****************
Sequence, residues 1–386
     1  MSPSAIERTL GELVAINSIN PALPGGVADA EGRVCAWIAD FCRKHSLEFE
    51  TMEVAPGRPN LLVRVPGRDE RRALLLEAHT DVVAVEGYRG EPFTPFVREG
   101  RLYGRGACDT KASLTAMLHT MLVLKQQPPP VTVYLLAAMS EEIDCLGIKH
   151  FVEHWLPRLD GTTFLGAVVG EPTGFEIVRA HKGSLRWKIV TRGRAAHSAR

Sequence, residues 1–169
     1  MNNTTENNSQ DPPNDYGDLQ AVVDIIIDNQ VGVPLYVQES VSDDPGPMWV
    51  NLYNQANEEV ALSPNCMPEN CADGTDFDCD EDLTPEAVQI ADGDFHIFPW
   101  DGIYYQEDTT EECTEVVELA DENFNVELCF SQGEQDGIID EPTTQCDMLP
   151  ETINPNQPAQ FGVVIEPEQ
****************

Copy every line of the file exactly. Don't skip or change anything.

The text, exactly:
Sequence, residues 1–386
     1  MSPSAIERTL GELVAINSIN PALPGGVADA EGRVCAWIAD FCRKHSLEFE
    51  TMEVAPGRPN LLVRVPGRDE RRALLLEAHT DVVAVEGYRG EPFTPFVREG
   101  RLYGRGACDT KASLTAMLHT MLVLKQQPPP VTVYLLAAMS EEIDCLGIKH
   151  FVEHWLPRLD GTTFLGAVVG EPTGFEIVRA HKGSLRWKIV TRGRAAHSAR

Sequence, residues 1–169
     1  MNNTTENNSQ DPPNDYGDLQ AVVDIIIDNQ VGVPLYVQES VSDDPGPMWV
    51  NLYNQANEEV ALSPNCMPEN CADGTDFDCD EDLTPEAVQI ADGDFHIFPW
   101  DGIYYQEDTT EECTEVVELA DENFNVELCF SQGEQDGIID EPTTQCDMLP
   151  ETINPNQPAQ FGVVIEPEQ